Politics: “Top Talent” Scarcity

In my corporate 9-5 job there is a lot of discussion about finding & retaining “top talent” and how “skilled professionals” are scarce. These are sometimes extremely difficult conversations for me to engage in.  Sometimes, after one of these I have to go to the bathroom and sit in a stall for a few minutes (ok, that was only once when the leaders talked about how “people without college degrees” aren’t worth looking at….)

It’s hard because it breaks my heart.

But, I also know that what was 150 years ago “skilled” (i.e. a machinist) was 50 years ago “unskilled” (i.e. factory workers).  We are in that painful point of a technical revolution that we saw in the mid fifteenth/sixteenth centuries (1600s/1700s) and the late 1800s.

Right now our “unskilled” workers are fighting over EVERY job-  and those jobs are being decimated.  There are almost 2 million jobs that the BLS lists for truck drivers. If those are replaced by autonomous driving vehicles – what happens to those drivers?  The retail industry IS collapsing (#thanksOBAMA) and malls are closing right and left (left and right?)   There are (per the BLS again) almost 5 million jobs in retail.  If that’s even cut by 1/3-1/2… ouch!  That’s 2-2.5 million people who may or may not have other marketable skills.

I just talked about 7 million jobs, about 2% of the total US population, but this automation is happening all over the place.  Skills that 20 years ago were standard aren’t any more and skills that people needed 50 years ago…. well they are totally gone (phone operators anyone?)

I have hope because this isn’t the first technological revolution and the definition of “unskilled” has changed before.  What was “skilled” became commonplace and became “unskilled” – but we don’t know what those skills are. 150 years ago you’d be fine even if you couldn’t read and write.  50 years ago that was considered a minimum & “unskilled” still meant “literate.” But what are the skills today? Writing Java? Typing? Trig? Electrical systems something-something?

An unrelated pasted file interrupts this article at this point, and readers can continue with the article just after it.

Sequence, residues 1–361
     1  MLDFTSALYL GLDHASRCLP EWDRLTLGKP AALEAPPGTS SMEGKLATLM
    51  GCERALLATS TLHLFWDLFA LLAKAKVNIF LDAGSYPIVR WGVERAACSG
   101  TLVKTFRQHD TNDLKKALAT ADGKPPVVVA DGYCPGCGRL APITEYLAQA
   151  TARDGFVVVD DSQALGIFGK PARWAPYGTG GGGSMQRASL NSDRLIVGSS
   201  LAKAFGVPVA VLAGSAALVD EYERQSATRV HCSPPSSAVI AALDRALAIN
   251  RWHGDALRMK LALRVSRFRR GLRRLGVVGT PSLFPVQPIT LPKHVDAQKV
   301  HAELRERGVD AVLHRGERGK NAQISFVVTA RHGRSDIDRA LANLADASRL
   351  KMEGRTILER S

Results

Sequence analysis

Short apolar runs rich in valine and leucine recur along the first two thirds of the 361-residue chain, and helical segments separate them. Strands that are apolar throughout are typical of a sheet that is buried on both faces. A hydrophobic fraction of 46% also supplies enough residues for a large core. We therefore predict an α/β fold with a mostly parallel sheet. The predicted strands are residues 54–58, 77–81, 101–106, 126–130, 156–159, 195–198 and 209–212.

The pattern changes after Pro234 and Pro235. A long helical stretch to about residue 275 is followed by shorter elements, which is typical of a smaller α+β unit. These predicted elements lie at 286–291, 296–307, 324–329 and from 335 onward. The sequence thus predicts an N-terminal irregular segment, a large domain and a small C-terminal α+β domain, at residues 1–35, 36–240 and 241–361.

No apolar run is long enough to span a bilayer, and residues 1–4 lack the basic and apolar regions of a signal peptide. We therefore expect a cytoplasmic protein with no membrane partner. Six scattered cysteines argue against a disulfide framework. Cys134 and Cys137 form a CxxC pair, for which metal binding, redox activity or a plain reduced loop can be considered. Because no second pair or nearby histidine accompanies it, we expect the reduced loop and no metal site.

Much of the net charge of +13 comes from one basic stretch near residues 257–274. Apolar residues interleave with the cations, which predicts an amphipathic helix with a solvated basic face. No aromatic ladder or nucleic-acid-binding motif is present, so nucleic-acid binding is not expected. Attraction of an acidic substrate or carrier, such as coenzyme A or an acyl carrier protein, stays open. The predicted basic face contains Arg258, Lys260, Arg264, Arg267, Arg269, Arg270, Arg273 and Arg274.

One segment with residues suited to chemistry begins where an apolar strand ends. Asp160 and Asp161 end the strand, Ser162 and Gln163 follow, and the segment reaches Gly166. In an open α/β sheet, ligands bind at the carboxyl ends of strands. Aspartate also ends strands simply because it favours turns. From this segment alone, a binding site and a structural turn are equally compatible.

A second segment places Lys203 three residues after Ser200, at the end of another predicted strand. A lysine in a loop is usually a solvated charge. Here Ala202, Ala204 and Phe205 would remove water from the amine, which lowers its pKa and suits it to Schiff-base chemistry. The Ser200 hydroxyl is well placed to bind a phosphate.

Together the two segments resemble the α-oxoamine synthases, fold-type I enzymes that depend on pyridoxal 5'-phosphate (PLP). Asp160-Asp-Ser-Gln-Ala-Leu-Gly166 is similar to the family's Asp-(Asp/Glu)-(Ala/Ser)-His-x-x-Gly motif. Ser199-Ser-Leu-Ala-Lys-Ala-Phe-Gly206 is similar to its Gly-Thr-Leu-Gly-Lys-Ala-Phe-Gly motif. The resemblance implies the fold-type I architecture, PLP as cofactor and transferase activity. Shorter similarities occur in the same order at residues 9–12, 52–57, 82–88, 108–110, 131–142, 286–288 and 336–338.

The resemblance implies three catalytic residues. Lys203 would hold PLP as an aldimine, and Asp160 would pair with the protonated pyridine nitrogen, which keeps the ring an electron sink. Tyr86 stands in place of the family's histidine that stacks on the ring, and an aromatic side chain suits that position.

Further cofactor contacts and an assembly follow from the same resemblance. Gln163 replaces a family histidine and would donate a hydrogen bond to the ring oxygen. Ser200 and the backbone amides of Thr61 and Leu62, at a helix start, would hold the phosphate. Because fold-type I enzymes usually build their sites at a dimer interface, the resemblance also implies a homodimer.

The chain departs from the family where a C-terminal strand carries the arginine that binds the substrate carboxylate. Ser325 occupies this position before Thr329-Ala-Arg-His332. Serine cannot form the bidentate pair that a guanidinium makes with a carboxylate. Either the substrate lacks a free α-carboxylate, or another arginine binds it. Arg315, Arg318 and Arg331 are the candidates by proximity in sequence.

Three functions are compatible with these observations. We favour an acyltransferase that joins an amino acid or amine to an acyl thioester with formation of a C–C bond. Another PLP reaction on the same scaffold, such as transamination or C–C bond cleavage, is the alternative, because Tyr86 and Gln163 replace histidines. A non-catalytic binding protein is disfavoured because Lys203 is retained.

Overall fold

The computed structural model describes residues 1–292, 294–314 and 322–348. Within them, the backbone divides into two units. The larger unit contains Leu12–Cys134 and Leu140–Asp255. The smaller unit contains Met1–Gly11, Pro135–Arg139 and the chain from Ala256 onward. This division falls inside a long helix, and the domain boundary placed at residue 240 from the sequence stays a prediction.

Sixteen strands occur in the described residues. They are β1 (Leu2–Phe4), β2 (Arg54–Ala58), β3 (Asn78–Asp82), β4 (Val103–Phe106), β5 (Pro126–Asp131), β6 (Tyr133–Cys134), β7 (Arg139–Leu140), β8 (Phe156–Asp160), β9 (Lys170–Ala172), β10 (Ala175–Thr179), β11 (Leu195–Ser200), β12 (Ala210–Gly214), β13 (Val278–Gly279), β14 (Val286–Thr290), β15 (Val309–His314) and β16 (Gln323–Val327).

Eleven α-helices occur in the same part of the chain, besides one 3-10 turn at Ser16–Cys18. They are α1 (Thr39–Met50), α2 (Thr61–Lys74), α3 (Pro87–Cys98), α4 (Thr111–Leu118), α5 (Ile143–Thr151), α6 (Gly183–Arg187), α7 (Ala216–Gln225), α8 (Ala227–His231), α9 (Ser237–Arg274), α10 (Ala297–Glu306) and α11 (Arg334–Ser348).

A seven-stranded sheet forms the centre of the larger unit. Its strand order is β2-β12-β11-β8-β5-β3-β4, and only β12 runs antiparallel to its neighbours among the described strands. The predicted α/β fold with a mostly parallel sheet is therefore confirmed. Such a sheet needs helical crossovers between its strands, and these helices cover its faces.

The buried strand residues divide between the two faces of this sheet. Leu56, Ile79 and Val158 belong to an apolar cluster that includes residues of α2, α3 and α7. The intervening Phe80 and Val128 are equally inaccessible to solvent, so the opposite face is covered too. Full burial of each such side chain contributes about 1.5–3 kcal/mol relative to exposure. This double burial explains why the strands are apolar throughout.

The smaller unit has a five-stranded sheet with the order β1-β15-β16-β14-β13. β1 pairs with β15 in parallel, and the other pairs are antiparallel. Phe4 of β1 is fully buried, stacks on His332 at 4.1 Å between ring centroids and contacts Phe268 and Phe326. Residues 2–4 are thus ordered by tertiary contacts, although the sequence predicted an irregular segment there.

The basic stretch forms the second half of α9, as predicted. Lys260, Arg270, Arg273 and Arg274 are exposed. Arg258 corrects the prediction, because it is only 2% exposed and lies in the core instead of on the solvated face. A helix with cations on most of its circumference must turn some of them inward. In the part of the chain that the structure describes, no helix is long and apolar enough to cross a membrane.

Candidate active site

As difficult as I think the next 20-50 years will be, if we can avoid killing ourselves I think we can redefine “skilled” and “unskilled” labor again so that the people that are struggling now (or at least their kids/grandkids) find their spot(s) in society.  They might become what plumbers are today (100 years ago THEY were the expert/specialists!) – yes, licensed & learned but NOT “specialists” anymore. Not like we treat programmers. Now we consider the learning required for a plumber to be accessible – whereas programmers we’re still figuring out how it even really works.

I hope that makes sense.  100 years ago you had to spend 10 years just figuring out how to plumb. Now it’s like 2 years of school & 2 years of “apprenticeship” (if they even call it that).  Whereas a programmer…. well a lot of them aren’t trusted to lead a new dev team for 10 years…. sound familiar yet?  We haven’t gotten programming down to 2 years – and even worse there is like a bajillion differences without standards. We’re in the Wild, Wild West of computing.  So it’s “skilled” labor right now.

There are roles that WERE skilled and are STILL skilled: surgeons, architects, engineers. I suspect we’ll continue to add to that list as we develop, but it’s hard for jobs to stay on that list forever.  I kind of hope mine does….